Fig. 3 B shows the average E vs. N obtained at several [NaCl]. The average E was determined for the two E values obtained using the two different methods described above. The two methods are in good agreement with each other with the largest difference being ~10%. The average E values along with their relative errors are given in Table 1. Because the properties of the dyes do not change significantly with [NaCl], these FRET changes mainly reflect the average change in distance between the two ends of the (dT)N.

TABLE 1
FRET measurements calculated by IA/(IA + ID) and 1 − IDA/ID and averaged

Estimating the contour length of ssDNA

Before making comparison to theoretical models, we need to estimate the unit length of each base b0 so that the entire length of a fully stretched ssDNA of N bases, or the contour length L, is given by L = b0N. To estimate b0, we used the average of distances between adjacent phosphorus atoms determined from five crystal structures of ssDNA-protein complexes and obtained b0 = 6.3 (±0.8) Å (Fig.4 A). The protein data bank identifications are 1A1V, 1UAA, 1EYG, 1J4W, and 1JMC corresponding to the structures of HCV NS3 helicase bound to oligo-dU (Kim et al., 1998), Escherichia coli Rep helicase bound to oligo-dT (Korolev et al., 1997), E. coli SSDNA binding protein bound to oligo-dT (Raghunathan et al., 2000), Fbp protein bound to mixed sequence ssDNA (Braddock et al., 2002), and human RPA bound to poly-dC (Bochkarev et al., 1997). Although it is possible that interactions with the proteins can significantly distort the dimension of each nucleotide, 6.3 Å is consistent with the interphosphate distances of ssDNA that can range between 5.9 Å and 7 Å depending on the sugar puckering (Olson, 1975; Saenger, 1984). The 6.3 Å we used is also close to 7 Å used to fit force versus extension curve by Smith et al. (1996) and is consistent with 5–7 Å estimated by Mills et al. (1999).

FIGURE 4
Parameters for worm-like chain model. (A) A histogram of the distances between successive ssDNA phosphorus atoms obtained from various ssDNA-protein crystal structures with the average distance being b0 = 6.3 (±0.8) Å. We assumed ...

Comparison to the worm-like chain model

Thirumalai and Ha (1998) derived an analytical expression for the probability distribution p(r) of the end-to-end distance of a polymer that obeys the worm-like chain model.

equation M6

where the normalization constant A is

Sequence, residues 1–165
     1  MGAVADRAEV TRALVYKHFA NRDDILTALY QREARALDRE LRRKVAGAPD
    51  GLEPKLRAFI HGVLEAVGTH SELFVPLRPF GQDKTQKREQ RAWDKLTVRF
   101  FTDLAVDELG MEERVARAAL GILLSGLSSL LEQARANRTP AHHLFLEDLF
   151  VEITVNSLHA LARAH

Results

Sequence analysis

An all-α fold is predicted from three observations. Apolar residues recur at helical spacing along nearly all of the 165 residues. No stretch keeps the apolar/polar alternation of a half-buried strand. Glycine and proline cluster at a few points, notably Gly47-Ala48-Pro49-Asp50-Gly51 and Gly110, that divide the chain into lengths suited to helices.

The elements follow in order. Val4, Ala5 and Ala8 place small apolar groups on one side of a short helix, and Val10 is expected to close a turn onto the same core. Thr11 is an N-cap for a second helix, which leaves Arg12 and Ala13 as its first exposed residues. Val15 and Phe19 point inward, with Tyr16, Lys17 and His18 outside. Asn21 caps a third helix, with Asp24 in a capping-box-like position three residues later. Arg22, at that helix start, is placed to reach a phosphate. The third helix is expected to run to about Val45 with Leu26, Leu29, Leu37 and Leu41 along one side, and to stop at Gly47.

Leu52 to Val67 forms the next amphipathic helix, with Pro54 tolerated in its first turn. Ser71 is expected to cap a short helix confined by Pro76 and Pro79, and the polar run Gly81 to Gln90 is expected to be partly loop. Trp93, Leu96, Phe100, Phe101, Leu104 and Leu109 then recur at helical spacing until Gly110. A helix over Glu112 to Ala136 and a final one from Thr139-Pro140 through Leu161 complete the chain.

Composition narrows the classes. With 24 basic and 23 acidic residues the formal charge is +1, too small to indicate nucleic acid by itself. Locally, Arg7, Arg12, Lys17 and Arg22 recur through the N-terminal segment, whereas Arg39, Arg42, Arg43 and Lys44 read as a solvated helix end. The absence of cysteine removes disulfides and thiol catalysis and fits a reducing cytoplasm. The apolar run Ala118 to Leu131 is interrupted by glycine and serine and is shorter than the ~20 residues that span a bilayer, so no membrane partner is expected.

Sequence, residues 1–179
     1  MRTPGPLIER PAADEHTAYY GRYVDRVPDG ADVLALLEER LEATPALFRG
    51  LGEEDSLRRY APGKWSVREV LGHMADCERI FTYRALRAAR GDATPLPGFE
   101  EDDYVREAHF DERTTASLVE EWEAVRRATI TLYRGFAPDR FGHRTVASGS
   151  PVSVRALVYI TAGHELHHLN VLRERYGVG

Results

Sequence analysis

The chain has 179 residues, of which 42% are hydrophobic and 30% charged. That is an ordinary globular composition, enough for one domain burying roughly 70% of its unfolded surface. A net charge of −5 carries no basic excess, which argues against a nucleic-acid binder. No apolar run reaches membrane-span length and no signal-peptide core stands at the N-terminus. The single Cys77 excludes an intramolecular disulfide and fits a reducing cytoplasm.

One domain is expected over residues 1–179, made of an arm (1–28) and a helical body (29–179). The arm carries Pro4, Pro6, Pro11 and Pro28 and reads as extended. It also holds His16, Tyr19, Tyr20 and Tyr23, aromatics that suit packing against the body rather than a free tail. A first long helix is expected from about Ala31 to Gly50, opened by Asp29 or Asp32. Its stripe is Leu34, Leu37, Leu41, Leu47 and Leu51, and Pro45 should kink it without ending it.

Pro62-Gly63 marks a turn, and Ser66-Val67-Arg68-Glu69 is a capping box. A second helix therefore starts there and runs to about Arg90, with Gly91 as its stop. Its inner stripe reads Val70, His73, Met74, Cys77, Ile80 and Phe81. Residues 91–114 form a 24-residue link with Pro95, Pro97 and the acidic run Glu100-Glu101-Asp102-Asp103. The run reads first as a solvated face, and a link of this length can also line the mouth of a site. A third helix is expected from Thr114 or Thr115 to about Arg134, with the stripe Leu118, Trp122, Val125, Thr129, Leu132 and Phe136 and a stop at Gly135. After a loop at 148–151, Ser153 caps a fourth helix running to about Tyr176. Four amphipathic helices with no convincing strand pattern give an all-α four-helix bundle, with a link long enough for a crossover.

equation M7

and t is the contour length L in multiples of the persistence length Lp, t = L/Lp, and r is the end-to-end distance R normalized to the contour length, r = R/L.

Because no time-dependent FRET changes were observed with time resolutions down to 8 ms (data not shown), we can assume that the dynamic motion of the ssDNA is fully equilibrated within 1 s averaging time used for the single-molecule FRET histograms. If the ssDNA is rigid and immobile within the fluorescence lifetime of the donor, the time-averaged FRET efficiency can be obtained by

equation M8

The other extreme case entails conformational fluctuations rapid enough to be averaged within the fluorescence lifetime of the donor. The instantaneous energy transfer rate, kr(R0/R)6 where kr is the fluorescence decay rate of the donor in the absence of energy transfer, becomes much larger than kr if the two dyes are very close to each other (R [double less-than sign] R0). Therefore, even if the probability of close approach is small, sufficiently fast conformational fluctuations will allow the energy transfer to occur before the donor decay and would yield FRET of 100% regardless of N or salt concentrations. This is clearly not the case in our studies. Nevertheless, there may be limited, but significant sampling of the phase space via intramolecular motions within the donor lifetime and this effect can influence FRET.

To compare our data to the worm-like chain model, we performed Metropolis Monte-Carlo simulations (Metropolis et al., 1953) of the end-to-end distance (R = rL) time trajectories. R is allowed to undergo a biased random walk between 0 and L taking steps of size δ (varied between 0 and 1.2 nm) every one-hundredth of the donor lifetime. Because the lifetime of Cy3 is ~1 ns, this corresponds to a random walk in the radial coordinate R with diffusion coefficient ranging from 0 to 7 × 10−4 cm2/s. We use the probability function p(r) as the weighting function that determines whether or not each randomly generated step is accepted. For each step of the random walk, the energy transfer and donor fluorescence decay were allowed to occur with rates of kr(R0/R)6 and kr respectively, and the random walk continued until energy transfer or donor fluorescence decay occurred. Three-thousand such random walks were performed and energy transfer efficiency Esim was determined as the fraction of the random walks that ended with energy transfer.